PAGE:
How Mauer affects the Red Sox
|03.22.10 at 9:15 am ET|
FORT MYERS, Fla. — Immediately, the significance of Joe Mauer‘s landmark eight-year, $184 million deal with the Twins was apparent in the Red Sox clubhouse this morning. Players sat huddled, talking about the deal, David Ortiz shouting that the M&M Boys (Mauer and Justin Morneau) on his former club were getting rich.
(As he walked into the clubhouse on Monday morning, Ortiz initially shouted, “(Expletive), Morneau just got paid!” Mike Lowell chided, “It was Mauer, but close enough, David.”)
Thus ends any visions of Mauer becoming the object of a bidding war between the Red Sox, Yankees and several other big-market clubs. Between the deal for Mauer and the injury to Joe Nathan, one can suggest that it was the first time since the days of Kirby Puckett‘s playing career that the Twins were dictating the shape of the high-end market. The fact that the reigning AL MVP will not be available this offseason was greeted with some amusement.
Fellow catcher Jason Varitek agreed, while noting the impact of Mauer’s removal from the potential free-agent market following this season.
“It doesn’t bode well for other teams, probably including us, that [the Twins] got it done before he was gone,” Sox catcher Jason Varitek said with a chuckle. “He’s a premium, premium player.”
“We really want to thank the Twins for signing him to a long-term deal and keeping him in that division,” added Rays manager Joe Maddon. “For us, Toronto and Baltimore, we really appreciate it.”
With Mauer off the market for the next eight years, Sox catcher Victor Martinez immediately vaults to the top of the crop of potential free agent catchers following this year, a crop that also includes A.J. Pierzynski and few other catchers of note. That being the case, it was obvious to wonder whether Mauer’s deal might create greater urgency between the Sox and their own catcher about a long-term extension. But the 31-year-old Sox catcher — who was thrilled for Mauer, and said that the Minnesota star “deserves every penny he got” — said that while he would like to discuss a long-term deal with Boston, there have been no extension talks as he prepares to begins the final season under his contract.
“I already told them through my agent that I was going to be more than happy to [talk] before the season,” Martinez said. “It’s all up to them. … [There’s been] nothing ’til now.”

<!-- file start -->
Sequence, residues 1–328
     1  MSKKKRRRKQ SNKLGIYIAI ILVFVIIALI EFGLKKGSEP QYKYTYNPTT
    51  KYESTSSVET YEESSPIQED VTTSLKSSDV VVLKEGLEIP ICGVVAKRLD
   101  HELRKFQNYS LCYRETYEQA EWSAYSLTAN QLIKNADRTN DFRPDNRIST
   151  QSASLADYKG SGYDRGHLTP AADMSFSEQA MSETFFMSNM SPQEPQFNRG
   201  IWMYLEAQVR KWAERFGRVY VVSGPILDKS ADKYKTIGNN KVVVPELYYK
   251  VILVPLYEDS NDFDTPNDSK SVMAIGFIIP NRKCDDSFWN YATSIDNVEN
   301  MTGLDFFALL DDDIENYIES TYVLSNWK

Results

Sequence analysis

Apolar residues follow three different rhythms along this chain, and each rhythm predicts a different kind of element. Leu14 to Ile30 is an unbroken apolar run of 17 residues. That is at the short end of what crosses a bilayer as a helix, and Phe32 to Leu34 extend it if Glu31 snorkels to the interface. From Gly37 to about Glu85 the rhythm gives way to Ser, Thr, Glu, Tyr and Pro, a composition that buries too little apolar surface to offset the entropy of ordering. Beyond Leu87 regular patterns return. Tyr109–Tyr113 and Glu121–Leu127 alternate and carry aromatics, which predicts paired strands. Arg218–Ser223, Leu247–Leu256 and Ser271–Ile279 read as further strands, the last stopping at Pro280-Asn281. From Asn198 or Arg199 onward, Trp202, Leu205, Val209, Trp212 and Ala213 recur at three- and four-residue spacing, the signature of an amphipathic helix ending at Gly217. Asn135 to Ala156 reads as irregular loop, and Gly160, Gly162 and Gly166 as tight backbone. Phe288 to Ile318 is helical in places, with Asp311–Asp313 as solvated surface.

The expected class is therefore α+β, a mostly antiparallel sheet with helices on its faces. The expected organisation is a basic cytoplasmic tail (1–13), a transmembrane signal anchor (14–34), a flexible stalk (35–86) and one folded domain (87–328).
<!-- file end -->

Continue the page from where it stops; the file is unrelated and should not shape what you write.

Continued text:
Yet clearly, the Mauer deal will have repercussions for the landscape that Martinez faces in free agency. Mauer set new records for both the length of a deal given to a catcher (surpassing the seven-year, $91 million deal that Mike Piazza signed with the Mets) and for average annual value (blowing away the $13.1 million standard set by Yankees catcher Jorge Posada in his current catching contract). With the Twins superstar off the market, Martinez could also now face a different free agent landscape in which — if he can prove that he is an offensive force as an everyday catcher in 2010 — he will be the best available player at the position.
But Martinez clearly preferred not to consider those market dynamics. Instead, he simply wanted to reflect on the fact that a player whom he respects immensely was not only rewarded, but will now have the opportunity to remain with the only team for whom he’s ever played.
“I’m really happy about Joe and his contract. He really deserves it,” said Martinez. “On the other hand, I just worry about myself. I can’t control anything else, so just worry about being healthy and keeping myself on the field.”
At the least, the Sox face one less concern with Morneau having signed his extension with the Twins. That deal guarantees that he will face Boston for only two or three series a season, as opposed to having to face the catcher as a constant nemesis had he signed with the Yankees or another team in the Sox’ division this offseason.
“That’s great,” said Sox manager Terry Francona. “Keep all those guys out of the East.”
For more on the free agent catching market, and Martinez’ place in it, click here.
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